The support member may be made relatively compliant with respect to the shielding members. This permits the shielding members to deform the surface of the support member where they touch it, thereby providing good contact with the surface. For a support member which is a circuit board having conductive ground tracks, disposed such that they contact the shielding members, a compliant circuit board ensures a good electrical contact and hence RF seal. Additionally, if there are any deformities in the second shielding member these can be accommodated by the compliance of the support member.

The use of a rigid shielding member provides a platform onto which the other shielding member is coupled. The advantage of this design is that the non-rigid shield can be made of a material which is compliant which introduces the possibility of using inexpensive, light materials thus reducing the cost and weight of the final product. The compliance of the non-rigid shielding member has an added advantage of conforming to the contours of the support member upon being urged thereto. This ensures that the shielding member remains in contact with the grounding planes of the support member at every point required.

According to a second aspect of the present invention there is provided a method of assembling a housing for a radio telephone, comprising;

disposing a first shielding member to a first major surface of a substantially planar support member;

disposing a second shielding member to a second major surface of the substantially planar support member;

coupling the first and second shielding members together thereby sandwiching the support member between them; and urging the first and second shielding members against respective first and second major surfaces of the support member.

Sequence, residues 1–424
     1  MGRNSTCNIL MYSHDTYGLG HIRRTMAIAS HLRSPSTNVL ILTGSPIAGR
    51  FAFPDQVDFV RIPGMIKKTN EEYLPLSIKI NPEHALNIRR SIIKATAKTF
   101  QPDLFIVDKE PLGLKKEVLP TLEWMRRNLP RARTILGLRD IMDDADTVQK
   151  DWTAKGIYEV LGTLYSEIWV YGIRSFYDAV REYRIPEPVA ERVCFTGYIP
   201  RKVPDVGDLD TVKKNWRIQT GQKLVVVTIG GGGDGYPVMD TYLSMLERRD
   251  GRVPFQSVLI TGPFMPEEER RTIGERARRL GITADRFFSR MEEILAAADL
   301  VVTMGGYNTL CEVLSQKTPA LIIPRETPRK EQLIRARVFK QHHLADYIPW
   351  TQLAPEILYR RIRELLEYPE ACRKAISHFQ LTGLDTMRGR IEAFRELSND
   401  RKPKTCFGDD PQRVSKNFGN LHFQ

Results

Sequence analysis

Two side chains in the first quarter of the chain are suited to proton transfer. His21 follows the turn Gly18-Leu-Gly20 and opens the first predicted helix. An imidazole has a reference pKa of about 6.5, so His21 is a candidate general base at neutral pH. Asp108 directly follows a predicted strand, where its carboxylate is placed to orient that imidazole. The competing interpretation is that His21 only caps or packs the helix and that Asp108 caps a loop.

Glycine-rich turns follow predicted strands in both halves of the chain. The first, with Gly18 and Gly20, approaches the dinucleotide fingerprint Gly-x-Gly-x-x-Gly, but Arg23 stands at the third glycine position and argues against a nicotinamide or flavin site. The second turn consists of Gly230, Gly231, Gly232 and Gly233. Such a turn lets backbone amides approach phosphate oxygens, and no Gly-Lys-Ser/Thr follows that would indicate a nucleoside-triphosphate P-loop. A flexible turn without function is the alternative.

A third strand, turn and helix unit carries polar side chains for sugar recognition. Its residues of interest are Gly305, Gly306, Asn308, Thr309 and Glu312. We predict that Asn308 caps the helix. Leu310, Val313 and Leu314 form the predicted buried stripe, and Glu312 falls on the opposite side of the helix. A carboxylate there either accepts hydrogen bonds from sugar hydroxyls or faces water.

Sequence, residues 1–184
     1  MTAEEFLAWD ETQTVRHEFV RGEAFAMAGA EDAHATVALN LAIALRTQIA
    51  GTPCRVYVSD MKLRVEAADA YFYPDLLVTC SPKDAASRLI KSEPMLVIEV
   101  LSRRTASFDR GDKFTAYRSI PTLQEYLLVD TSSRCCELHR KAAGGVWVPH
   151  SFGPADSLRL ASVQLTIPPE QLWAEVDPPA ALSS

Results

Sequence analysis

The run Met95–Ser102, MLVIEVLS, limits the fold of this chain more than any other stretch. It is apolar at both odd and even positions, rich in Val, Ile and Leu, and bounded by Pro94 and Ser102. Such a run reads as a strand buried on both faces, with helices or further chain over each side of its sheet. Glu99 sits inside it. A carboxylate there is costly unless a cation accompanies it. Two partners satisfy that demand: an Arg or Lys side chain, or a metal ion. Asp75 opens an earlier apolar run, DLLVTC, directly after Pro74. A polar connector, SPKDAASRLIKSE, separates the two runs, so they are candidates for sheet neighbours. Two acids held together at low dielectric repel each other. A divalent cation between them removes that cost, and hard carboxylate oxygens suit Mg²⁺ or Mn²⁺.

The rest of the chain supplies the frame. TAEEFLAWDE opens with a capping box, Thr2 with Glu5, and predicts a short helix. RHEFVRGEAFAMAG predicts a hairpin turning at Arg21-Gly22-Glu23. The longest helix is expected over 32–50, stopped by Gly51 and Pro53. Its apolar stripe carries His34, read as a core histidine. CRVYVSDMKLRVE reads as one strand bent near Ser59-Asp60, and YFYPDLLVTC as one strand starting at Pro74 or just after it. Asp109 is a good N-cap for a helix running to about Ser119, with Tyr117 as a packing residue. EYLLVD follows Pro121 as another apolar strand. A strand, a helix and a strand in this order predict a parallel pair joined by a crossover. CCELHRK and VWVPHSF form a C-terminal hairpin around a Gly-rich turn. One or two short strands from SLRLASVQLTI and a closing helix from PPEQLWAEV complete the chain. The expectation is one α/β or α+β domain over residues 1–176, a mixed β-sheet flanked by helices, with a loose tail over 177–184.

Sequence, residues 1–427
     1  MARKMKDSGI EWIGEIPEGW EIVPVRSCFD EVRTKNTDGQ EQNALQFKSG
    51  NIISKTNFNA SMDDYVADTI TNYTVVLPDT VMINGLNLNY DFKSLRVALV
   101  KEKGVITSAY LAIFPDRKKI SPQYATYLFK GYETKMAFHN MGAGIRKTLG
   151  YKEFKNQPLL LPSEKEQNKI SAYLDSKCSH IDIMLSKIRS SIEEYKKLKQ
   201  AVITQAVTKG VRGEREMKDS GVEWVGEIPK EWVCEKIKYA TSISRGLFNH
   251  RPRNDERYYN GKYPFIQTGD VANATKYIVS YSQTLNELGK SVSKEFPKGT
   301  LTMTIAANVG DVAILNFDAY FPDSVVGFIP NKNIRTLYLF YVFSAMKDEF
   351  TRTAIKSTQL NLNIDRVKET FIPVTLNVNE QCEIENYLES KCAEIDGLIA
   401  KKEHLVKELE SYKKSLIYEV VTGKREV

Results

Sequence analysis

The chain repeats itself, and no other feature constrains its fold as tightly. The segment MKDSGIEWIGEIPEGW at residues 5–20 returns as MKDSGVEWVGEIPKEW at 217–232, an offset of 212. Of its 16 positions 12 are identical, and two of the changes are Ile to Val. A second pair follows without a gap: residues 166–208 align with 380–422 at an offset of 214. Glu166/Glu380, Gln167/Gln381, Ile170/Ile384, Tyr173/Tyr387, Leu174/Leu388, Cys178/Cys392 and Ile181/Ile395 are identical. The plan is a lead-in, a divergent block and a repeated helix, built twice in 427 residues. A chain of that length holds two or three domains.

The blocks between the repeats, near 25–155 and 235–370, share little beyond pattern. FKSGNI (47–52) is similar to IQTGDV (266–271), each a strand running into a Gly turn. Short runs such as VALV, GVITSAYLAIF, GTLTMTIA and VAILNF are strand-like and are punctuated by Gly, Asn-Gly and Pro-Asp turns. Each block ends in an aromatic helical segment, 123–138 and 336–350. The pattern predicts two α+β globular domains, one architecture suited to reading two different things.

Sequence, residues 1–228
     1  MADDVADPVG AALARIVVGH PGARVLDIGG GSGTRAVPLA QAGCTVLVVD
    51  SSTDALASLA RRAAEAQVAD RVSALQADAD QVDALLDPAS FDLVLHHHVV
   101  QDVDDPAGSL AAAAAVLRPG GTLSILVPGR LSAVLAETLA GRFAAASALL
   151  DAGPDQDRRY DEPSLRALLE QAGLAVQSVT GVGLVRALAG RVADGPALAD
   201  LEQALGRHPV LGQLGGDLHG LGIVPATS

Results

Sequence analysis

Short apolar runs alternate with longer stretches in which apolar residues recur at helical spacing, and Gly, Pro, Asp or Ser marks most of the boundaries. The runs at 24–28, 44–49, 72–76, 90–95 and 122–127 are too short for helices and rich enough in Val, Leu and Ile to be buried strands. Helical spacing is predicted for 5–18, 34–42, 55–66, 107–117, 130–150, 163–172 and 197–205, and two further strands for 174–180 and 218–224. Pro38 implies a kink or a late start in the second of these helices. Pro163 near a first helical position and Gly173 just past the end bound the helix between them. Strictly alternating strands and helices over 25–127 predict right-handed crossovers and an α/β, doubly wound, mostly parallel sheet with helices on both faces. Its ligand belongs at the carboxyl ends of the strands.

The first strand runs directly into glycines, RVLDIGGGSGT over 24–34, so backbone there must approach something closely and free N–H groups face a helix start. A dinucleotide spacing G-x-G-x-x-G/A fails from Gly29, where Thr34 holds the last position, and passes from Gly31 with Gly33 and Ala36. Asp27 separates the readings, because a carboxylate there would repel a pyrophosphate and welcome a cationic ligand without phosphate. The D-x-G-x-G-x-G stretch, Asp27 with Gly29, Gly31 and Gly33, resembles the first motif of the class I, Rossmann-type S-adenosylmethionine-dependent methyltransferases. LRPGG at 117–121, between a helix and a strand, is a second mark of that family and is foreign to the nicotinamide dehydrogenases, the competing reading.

A method in accordance with the invention has the advantage that it is simple to perform, produces a consistently reliable product, requires relatively cheap materials and is ideally suited to mass production techniques. Relatively lightweight, easily moldable material may be used for the second shielding.

In a preferred embodiment the method comprises milling the substantially planar support member prior to fixing the shielding members thereto. In cutting the support member damage may result in components which are attached thereto. The advantage of this method is that the cutting of the support member is carried out substantially by the milling process preferably before any components are attached leaving just a simple trimming process to be carried out at the final stage of assembly.

Suitably the support member is provided with conductive tracks which permits the testing of components in situ, i.e. the components may still be tested with the shielding members in place. The advantage of this is that during testing the components will perform in exactly the way they would had they been in a fully assembled radio telephone.

By providing removable shielding members the method of assembly has certain advantages. For example, if components are tested in situ and are found to be faulty the shielding members may be removed to allow access to the faulty component for repair or replacement thereof.

BRIEF DESCRIPTION OF THE DRAWINGS

FIG. 1 presents a circuit board blank of a structure design of a radio telephone according to the invention,

FIG. 2 presents a structure design of a radio telephone according to the invention,

FIG. 3 presents the metallized plastic shield of the structure design of a radio telephone according to the invention, and

FIG. 4 presents the metal shield of the structure design of the radio telephone according to the invention,

DETAILED DESCRIPTION OF AN EMBODIMENT OF THE INVENTION

FIG. 1 presents a circuit board blank of a structure design of a radio telephone in accordance with the present Invention. In the circuit board blank 1 millings have been made for cutting the circuit board end for the mounting of shields. The remaining shoulders act as supports for the circuit board whilst positioning the components and as paths of the test signal wires 3-5 whilst testing during production. A circuit board blank 1 comprises a shoulder 2, milled off after the testing. The testing of a module is accomplished utilizing the projecting test signal draws 3-5 and the module are cut off after the testing.